Champaign and Urbana Institute Building / Old Main University Building
The University traces its roots to the Urbana and Champaign Institute, whose building was the very political carrot that had enabled its existence. This building was known simply as University Building or, in its later days, Old Main University Building. It was "a substantial brick building very imposing in its appearance with stone foundation, standing on a beautiful elevation of ground" and located "about one-half mile from the Illinois Central railroad at Champaign City, and about an equal distance from Urbana, the county seat of Champaign County". 
Construction was originally to have begun August 1, 1860, with the building completed by November 15, 1862, but a lack of state funding repeatedly delayed construction. Original cost of the building and the surrounding grounds was estimated to be $60,000 to $80,000,  but by the time the contract with Reverend Jonathan C. Stoughton's company was finally signed on July 2, 1860, only $19,298.79 was paid.  Of the 193.9 acres purchased, 8 were set-aside as the grounds for the new building, with a 100-acre farm nearby. All in all, the new grounds and their surroundings were a "handsomely elevated tract of land, with a stream of living water running through [them]".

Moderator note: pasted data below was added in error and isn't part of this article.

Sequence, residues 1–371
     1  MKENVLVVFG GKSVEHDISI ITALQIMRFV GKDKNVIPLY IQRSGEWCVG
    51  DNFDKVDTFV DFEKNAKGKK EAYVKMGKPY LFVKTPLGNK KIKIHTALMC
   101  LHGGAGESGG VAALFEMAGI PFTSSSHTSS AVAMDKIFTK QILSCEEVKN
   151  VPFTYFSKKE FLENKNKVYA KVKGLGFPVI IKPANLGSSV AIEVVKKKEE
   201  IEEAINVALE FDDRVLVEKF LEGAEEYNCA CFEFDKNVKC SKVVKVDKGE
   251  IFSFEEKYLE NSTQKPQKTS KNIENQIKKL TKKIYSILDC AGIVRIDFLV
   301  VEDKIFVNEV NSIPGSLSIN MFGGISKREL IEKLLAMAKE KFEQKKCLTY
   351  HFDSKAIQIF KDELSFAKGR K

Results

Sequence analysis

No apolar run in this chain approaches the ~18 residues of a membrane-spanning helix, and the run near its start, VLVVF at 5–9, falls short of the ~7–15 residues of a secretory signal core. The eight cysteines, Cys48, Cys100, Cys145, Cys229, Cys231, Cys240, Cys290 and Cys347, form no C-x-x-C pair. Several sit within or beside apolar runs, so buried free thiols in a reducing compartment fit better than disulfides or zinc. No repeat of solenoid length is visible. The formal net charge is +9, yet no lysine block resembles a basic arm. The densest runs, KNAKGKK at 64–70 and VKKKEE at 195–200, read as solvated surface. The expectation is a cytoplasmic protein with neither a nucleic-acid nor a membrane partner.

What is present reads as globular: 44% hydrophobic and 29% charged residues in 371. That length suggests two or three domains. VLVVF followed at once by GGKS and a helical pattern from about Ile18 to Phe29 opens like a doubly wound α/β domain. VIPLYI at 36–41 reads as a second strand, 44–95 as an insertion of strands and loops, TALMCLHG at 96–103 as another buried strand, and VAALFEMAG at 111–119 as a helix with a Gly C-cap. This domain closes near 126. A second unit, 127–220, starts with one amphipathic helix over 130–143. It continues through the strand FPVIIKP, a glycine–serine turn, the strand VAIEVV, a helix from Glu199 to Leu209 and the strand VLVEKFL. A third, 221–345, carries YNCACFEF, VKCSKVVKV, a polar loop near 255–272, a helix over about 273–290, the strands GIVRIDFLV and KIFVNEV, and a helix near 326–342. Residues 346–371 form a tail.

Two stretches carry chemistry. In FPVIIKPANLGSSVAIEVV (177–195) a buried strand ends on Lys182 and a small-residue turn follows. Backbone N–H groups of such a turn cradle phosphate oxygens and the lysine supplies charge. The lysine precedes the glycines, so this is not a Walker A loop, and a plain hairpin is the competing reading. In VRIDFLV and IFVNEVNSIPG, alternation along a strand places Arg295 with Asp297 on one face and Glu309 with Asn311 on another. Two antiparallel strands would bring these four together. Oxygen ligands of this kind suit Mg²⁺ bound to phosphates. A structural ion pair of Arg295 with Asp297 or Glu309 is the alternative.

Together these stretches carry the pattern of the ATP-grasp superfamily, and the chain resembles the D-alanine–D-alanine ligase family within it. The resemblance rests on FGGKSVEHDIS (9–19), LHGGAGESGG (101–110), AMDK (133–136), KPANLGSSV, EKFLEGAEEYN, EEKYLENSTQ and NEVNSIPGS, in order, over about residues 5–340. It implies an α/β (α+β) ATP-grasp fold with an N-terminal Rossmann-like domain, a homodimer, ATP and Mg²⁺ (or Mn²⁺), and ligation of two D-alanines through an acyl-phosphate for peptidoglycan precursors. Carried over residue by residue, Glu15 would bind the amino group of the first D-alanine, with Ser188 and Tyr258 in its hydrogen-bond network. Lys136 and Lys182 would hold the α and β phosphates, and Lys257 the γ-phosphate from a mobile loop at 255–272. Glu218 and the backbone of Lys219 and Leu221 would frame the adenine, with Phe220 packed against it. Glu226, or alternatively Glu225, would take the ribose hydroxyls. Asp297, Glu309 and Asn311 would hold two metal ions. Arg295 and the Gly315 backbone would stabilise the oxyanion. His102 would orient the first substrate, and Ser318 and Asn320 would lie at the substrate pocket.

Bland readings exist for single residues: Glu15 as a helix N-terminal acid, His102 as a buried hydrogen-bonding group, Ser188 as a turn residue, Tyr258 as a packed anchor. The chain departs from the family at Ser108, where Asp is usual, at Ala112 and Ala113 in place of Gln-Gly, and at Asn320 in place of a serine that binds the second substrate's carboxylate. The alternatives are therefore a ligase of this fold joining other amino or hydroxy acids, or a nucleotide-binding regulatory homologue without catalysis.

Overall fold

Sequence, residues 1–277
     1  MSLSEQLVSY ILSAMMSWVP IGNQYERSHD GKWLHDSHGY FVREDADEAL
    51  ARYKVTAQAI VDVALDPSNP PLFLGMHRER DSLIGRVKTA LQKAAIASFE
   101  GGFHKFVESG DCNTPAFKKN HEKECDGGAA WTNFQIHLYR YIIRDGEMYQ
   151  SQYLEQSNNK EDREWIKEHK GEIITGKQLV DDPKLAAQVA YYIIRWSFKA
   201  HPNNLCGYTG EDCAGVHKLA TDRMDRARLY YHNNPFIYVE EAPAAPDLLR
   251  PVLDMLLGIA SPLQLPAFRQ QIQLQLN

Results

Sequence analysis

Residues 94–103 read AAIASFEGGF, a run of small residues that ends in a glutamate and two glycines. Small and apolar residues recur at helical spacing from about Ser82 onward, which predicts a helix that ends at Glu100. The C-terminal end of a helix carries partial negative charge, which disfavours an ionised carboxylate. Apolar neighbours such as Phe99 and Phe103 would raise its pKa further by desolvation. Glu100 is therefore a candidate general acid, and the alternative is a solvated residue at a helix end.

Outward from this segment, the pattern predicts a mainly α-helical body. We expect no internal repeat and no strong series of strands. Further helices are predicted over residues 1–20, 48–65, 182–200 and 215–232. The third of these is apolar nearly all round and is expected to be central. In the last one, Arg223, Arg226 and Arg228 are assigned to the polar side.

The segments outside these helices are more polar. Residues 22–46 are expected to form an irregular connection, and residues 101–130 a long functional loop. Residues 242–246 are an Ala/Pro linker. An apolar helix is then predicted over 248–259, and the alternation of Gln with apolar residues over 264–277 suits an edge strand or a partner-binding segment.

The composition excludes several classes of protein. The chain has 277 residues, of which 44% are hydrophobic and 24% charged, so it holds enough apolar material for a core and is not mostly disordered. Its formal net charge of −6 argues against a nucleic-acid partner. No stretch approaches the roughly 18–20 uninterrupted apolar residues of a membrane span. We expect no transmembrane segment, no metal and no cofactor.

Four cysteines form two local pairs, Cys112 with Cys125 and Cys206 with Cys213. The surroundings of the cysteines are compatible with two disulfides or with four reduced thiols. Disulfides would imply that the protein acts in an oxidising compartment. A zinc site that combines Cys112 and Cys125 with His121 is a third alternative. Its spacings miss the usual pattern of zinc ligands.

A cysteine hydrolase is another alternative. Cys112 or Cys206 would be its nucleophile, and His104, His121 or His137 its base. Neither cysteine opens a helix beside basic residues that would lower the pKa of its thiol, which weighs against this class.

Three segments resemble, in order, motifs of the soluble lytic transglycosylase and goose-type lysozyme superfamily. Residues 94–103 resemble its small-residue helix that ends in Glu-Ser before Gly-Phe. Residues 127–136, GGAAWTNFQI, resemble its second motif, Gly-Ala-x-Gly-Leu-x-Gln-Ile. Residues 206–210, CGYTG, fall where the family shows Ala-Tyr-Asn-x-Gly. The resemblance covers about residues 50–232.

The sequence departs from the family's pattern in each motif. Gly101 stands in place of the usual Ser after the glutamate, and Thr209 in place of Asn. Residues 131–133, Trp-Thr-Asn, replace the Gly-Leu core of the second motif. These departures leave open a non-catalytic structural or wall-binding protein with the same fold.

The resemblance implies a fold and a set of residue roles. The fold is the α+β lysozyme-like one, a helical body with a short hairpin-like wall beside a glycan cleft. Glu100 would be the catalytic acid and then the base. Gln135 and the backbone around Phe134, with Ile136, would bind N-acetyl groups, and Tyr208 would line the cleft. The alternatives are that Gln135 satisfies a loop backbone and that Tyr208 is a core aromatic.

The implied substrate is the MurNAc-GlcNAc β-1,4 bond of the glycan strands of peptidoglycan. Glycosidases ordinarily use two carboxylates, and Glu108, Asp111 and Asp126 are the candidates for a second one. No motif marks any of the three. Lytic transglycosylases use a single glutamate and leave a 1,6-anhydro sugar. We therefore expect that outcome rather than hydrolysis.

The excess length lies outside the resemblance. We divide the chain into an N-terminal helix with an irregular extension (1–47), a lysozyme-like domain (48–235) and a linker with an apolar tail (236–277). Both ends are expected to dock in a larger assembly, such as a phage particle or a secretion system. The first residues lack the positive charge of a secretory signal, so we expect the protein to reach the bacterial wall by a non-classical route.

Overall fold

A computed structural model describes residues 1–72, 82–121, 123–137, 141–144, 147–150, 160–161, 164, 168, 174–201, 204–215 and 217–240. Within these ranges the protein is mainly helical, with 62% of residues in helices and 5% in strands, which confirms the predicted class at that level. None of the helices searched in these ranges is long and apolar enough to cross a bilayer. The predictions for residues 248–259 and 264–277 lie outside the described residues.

The front of the five-story building was 125 feet across and 40 feet deep, with a single four-story wing of 44 by 70 feet that projected from its center. Each story was between 10 and 14 feet tall. Student housing was provided by 85-90 dormitory rooms, each 10x15 feet. For educational pursuits, there was a large recitation room and several painting rooms, with society rooms for social exploits. There was also a spacious dining room and chapel, along with a basement, kitchen, cellar, and an abundance of storage rooms. In total, there were around 170 to 180 rooms in the new building. 
In Spring 1879, storms seriously damaged the structure, and in 1880, the building known derisively as "The Elephant" was torn down.  On its former site, the Illinois Field basement diamond was later constructed and the University's first homecoming was conducted in 1910.